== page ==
(Posted April 4, 2024) This morning the Supreme Court of Virginia hands down two new published opinions.


Medical malpractice

The first decision relates to a jury instruction in a malpractice appeal. The holding in Emergency Physicians of Tidewater v. Hanger will apply in other tort contexts, wherever causation is in issue.

The patient came to an emergency room and was tested for a number of things. The tests showed her blood sodium level to be low, a dangerous condition known as hyponatremia. But the doctor who saw her there didn’t catch the abnormality and sent the patient home with instructions to see her family doctor and a gastroenterologist for abdominal pain.

The patient visited her family doctor six days later. Without knowledge of the abnormal test result, he didn’t assess or treat her hyponatremia; he gave her a prescription for an unrelated medication and he, too, sent her home. Six days after that, her husband found her collapsed on their kitchen floor, bleeding from a head wound. She was taken to a hospital and diagnosed with a traumatic brain injury and profound hyponatremia. An extended period of care there led to her discharge. She sued the individual emergency doctor and her practice for failure to diagnose the condition.

At trial, the patient adduced expert testimony that the probable cause of her fall and injuries was loss of consciousness due to a seizure caused by the undiagnosed hyponatremia. The defense pointed to the prescription from the family doctor as the probable cause, and also suggested that the patient may have simply slipped or tripped in her kitchen for reasons unrelated to her blood sodium.

The defense offered superseding-cause instructions and also one telling the jurors that if the injuries could have resulted from multiple possible causes, at least one of which wasn’t the doctor’s fault, and they couldn’t ascertain which one was the cause, they had to return a defense verdict. The trial court refused that instruction and sent the case to the jury, which returned a seven-figure verdict for the patient. The trial court entered judgment on that verdict.

In the Court of Appeals, the defendants urged only the theory that the alternative cause of the fall was the slip-or-trip explanation. The CAV noted that in arguments on this jury instruction, the defense had argued only the other-medication theory, pointing the finger directly at the family doctor. The court accordingly found the argument waived under the contemporaneous-objection rule, and affirmed the judgment.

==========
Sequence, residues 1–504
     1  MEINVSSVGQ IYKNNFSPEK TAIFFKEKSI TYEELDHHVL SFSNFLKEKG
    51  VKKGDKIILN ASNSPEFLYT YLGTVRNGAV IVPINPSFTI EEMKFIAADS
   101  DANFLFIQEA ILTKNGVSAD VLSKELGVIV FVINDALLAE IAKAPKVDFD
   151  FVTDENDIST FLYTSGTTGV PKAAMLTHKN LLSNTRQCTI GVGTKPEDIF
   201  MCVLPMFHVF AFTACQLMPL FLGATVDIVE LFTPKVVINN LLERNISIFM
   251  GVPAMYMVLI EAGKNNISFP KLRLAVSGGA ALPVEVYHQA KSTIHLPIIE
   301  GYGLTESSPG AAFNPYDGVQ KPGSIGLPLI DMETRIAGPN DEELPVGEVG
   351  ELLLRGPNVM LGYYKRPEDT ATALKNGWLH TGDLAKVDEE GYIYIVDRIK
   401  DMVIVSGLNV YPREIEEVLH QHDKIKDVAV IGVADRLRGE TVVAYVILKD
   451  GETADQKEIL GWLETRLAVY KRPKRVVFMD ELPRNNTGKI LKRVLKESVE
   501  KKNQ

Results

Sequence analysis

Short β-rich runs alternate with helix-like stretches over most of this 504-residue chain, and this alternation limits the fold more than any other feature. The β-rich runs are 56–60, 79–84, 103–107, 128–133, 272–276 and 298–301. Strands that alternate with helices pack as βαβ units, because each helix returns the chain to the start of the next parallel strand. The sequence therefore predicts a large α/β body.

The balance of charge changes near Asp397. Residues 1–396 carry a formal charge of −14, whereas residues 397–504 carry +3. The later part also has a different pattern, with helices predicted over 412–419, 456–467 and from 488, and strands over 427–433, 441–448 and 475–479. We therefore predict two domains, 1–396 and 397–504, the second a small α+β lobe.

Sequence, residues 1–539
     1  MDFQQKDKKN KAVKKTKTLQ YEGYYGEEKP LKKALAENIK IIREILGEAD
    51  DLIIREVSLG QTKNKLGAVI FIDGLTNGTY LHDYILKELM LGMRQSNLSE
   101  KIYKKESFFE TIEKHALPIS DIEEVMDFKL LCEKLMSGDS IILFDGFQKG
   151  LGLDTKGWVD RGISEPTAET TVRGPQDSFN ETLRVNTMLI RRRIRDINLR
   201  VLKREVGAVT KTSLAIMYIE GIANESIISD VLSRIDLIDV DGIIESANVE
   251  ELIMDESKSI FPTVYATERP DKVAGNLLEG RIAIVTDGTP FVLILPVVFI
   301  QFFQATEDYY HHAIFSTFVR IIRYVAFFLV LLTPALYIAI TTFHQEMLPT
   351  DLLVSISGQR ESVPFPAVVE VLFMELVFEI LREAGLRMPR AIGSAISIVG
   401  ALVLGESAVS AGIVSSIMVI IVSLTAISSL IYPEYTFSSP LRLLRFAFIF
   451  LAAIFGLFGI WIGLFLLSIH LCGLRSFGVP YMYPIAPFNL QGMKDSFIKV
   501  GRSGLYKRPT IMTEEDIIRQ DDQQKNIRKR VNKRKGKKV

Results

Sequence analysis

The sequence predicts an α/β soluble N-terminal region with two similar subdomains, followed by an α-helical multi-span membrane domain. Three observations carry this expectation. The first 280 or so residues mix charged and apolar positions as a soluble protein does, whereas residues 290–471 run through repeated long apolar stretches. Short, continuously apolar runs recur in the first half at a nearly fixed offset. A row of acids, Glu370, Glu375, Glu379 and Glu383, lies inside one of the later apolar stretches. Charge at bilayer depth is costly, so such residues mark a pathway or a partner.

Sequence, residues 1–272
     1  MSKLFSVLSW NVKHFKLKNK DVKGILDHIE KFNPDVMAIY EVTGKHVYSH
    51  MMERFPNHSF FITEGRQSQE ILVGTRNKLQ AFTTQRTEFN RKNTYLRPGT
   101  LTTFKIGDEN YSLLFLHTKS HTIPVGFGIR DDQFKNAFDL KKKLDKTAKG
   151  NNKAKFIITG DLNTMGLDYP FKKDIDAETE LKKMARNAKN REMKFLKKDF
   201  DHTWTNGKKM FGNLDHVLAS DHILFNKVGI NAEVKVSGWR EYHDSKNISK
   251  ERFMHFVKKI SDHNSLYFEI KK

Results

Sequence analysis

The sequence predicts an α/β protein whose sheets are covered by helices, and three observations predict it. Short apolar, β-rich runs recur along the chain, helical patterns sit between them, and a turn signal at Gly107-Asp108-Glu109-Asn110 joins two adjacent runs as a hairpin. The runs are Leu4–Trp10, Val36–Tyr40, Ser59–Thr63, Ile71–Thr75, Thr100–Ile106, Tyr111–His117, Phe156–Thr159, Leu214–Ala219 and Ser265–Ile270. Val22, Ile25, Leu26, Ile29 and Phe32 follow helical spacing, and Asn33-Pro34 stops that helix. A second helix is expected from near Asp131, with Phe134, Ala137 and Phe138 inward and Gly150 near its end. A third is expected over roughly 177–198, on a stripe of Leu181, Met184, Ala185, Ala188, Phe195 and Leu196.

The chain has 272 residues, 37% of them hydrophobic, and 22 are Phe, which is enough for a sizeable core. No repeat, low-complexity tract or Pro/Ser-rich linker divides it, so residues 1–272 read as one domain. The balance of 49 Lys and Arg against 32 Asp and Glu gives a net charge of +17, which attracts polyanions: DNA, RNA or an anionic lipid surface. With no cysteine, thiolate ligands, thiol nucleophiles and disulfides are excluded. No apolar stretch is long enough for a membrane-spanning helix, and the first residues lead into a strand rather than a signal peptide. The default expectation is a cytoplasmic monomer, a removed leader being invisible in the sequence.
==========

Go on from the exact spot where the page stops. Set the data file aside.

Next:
The defense appealed again, assigning six errors in the Supreme Court. The justices awarded an appeal on only this one, and today they reverse, holding that the offered instruction was a correct statement of the law and was supported by more than a scintilla of evidence.

The more interesting, and more wide-ranging, aspect of this opinion relates to the CAV’s waiver conclusion. In a holding that will have plenty of trial judges squirming with discomfort, the court cites a 2006 opinion for this premise:

When a trial court refuses to give an instruction proffered by a party that is a correct statement of the law and which is supported by adequate evidence in the record, this action, without more, is sufficient to preserve the issue of whether the trial court erred in refusing the instruction.

Today’s opinion emphasizes the phrase without more and continues that the proponent “need not ‘expressly articulate’ the evidentiary basis for the instruction because the trial court has already heard the evidence and can evaluate its application to the instruction.” That means that even though the defense discussed only the other-medication explanation when arguing this jury instruction, the trial court had to evaluate the evidence for itself to see that the slip-or-trip explanation would justify the instruction.

My sense is that circuit court judges won’t like this holding, because it could empower a party to misdirect the court’s attention in jury-instruction arguments, holding a second basis in reserve in case of a bad verdict. (I’m not saying that that’s what happened here; merely that this is the logical conclusion of today’s ruling.) Under this approach, proponents don’t even have to argue to the circuit court the basis for their tendered instructions. It’s the court’s responsibility to consider all of the evidence and make that judgment call on its own.